Want to see a foodie flail? Send her to the desert
I dream of rows of roasters, often on sale for as little as 39 cents a pound. Voluptuous creatures with plump legs and ample breasts. All mine for the taking.
Instead, I wake up and remember I have to shop at the commissary on post. There will be no roaster for me, unless I'm incredibly lucky.
I'll admit I'm a bit of a foodie who regularly stocks eight varities of flour . Go ahead and laugh. Dad does, too. I expected to have trouble finding a lot of products we regularly bought in our past life - brands that I've learned over the years are free of allergens that can make half our household sick.
But I didn't expect to have problems finding chicken.
Such is life when you live 40 miles from the nearest grocery store and are forced to rely on the on-post commissary for much of your food supply. It's not a pretty picture.
Part of the problem is Fort Irwin's status as the National Training Center, which means company after company of troops from other posts are sent here on a temporary basis. The local folklore, at least, blames them for shelves that are at times near-gutted.
I tried for two weeks to buy a broom at the post exchange - no luck. One morning, the entire "fresh" frozen chicken case was empty - there goes that chicken fixation again. Not so much as a wing was left. I've been able to buy a whole roaster only once since moving here.
You can't blame the rotation troops for the consistently poor quality produce, though - that happens whether they're here or not.
Lettuce is about the only thing that's reliably not awful. I'll give the commissary a pass on peaches, because for some reason most of them I've bought for months have been terrible. But we bought strawberries Saturday and had to eat them that night before they went bad. The grapes had turned by Sunday.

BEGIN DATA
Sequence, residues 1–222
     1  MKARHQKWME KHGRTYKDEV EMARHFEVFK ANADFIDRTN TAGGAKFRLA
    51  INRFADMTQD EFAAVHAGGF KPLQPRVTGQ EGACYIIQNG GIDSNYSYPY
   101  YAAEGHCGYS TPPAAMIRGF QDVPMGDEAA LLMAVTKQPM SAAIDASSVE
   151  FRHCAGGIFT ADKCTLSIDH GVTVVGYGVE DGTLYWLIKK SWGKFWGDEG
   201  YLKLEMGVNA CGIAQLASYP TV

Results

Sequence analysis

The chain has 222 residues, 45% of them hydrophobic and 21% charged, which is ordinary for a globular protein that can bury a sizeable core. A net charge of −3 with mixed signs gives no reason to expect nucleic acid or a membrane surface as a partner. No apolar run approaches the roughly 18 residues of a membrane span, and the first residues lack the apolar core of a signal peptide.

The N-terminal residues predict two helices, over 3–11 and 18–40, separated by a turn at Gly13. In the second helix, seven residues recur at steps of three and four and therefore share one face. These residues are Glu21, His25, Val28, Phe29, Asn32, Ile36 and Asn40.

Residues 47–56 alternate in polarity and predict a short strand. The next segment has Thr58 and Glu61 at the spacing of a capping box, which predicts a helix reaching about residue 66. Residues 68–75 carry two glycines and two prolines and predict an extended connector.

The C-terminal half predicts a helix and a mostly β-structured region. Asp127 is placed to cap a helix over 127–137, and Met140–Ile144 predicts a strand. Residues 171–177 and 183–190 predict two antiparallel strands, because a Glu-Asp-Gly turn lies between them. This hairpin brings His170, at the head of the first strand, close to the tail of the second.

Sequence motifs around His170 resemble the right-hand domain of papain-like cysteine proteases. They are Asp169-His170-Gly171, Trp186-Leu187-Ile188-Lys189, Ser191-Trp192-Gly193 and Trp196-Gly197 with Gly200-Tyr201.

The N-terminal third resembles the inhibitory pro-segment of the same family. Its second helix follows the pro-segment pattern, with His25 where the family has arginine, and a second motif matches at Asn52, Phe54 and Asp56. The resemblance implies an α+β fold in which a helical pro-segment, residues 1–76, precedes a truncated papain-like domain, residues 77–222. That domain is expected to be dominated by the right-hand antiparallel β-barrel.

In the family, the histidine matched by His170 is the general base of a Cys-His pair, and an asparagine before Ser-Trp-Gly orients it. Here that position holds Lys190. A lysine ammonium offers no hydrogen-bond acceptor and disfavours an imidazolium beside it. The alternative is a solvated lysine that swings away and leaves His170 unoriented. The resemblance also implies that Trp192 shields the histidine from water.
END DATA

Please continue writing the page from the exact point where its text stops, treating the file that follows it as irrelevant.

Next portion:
Hello ... We're in California. Grapes are in season. What the heck?
I'm not the only one unhappy about this. A recent poll in the post newspaper showed the commissary has only a 41 percent approval rating. I'm surprised it was that high. Guess everyone's not as fixated on chicken.
Part of the problem is, Fort Irwin is a relatively small post with a big mission and lots of people coming through. The commissary probably is about the right size for the permanent population, but it's way too small considering the rotation troops. And considering that the nearest grocery store is 40 miles away.
We adjust by stocking up when we're out of town - we're going to start toting coolers for produce. I order a lot of specialty items - many of my precious flours and Big Guy baking supplies - online. I'm also getting ready to replant my herbs.
Meanwhile, if you come for a visit, forget the traditional bottle of wine hostess gift. Just bring me a chicken.
Copyright 2009 Debra Legg. All right reserved.